Negative Effects of Cigarette Smoke or Second-Hand Smoke
According to the Centers for Disease Control and Prevention (CDC), smoking is the leading preventable cause of death. The CDC reports that, on average, a smoker dies 13 to 14 years earlier than non-smokers; they die from cancer, heart disease, and lung diseases such as emphysema, chronic airway obstruction and bronchitis. Beyond health effects, there are negative effects including financial and social factors. Furthermore, smoking does not just affect the smoker; secondhand smoke negatively affects family, friends and associates.
Cigarette smoke and secondhand smoke, not surprisingly, have negative effects on one's health. The National Cancer Institute (NCI) reports that 438,000 deaths are attributed to cigarette smoking each year; an additional 38,000 deaths are caused by secondhand smoke. According to MedlinePlus, an online medical encyclopedia associated with the National Institutes of Health, cigarette smoke has the potential to harm nearly every organ in the body. A staggering 87 percent of lung cancers would disappear if every person in the U.S. stopped smoking. The NCI reports that smoking is linked to multiple other types of cancer, including cervix, bladder, kidney, pancreas, mouth and throat. Cigarette smoking also causes severe damage to the heart and the cardiovascular system. The American Heart Association (AHA) reports that smokers are two to three time more likely to die from coronary heart disease compared with nonsmokers. Smoking and secondhand smoke puts the birth of healthy children at risk by causing infertility, preterm delivery, stillbirth, low birth weight and sudden infant death syndrome (SIDS), according to the CDC. Smoking also has negative cosmetic effects, such as tar-stained teeth and yellow-tinted skin.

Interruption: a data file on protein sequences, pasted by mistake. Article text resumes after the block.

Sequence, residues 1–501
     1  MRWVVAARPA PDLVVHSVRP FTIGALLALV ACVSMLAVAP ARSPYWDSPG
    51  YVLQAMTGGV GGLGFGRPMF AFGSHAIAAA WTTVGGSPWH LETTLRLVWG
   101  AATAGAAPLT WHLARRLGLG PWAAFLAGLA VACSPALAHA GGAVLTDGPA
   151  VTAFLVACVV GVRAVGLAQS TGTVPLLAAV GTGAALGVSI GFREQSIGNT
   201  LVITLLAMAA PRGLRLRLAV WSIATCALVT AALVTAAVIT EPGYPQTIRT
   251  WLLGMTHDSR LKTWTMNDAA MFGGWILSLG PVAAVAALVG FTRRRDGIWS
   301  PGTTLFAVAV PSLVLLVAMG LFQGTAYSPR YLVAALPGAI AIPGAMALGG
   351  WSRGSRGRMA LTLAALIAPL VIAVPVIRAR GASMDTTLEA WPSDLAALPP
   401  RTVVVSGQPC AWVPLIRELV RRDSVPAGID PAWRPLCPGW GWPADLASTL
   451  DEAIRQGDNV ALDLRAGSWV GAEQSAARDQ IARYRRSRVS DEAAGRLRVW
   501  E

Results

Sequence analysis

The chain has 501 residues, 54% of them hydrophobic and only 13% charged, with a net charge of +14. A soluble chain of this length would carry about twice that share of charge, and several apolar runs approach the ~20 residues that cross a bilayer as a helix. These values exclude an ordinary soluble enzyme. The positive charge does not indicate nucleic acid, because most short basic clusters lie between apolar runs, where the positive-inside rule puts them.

- Cigarette smoke and secondhand smoke, not surprisingly, have negative effects on one's health.
- According to MedlinePlus, an online medical encyclopedia associated with the National Institutes of Health, cigarette smoke has the potential to harm nearly every organ in the body.
10 Reasons Why Smoking Is Bad
Smoking can have negative social effects as well. Non-smokers generally try to avoid inhaling secondhand smoke; thus smoking may serve as a social barrier. Smoking is also banned indoors in many places. An article published by CNNhealth.com by Theresa Tamkins in September 2009 indicates that 32 states have some type of smoking ban that prohibits smoking in public places and/or buildings. Many European countries have similar bans, including England, Scotland, France, Ireland, and Norway, according to the CNNhealth.com article. These types of bans can have pervading negative social effects, isolating the smokers outside and away from the group.
- Smoking can have negative social effects as well.
- An article published by CNNhealth.com by Theresa Tamkins in September 2009 indicates that 32 states have some type of smoking ban that prohibits smoking in public places and/or buildings.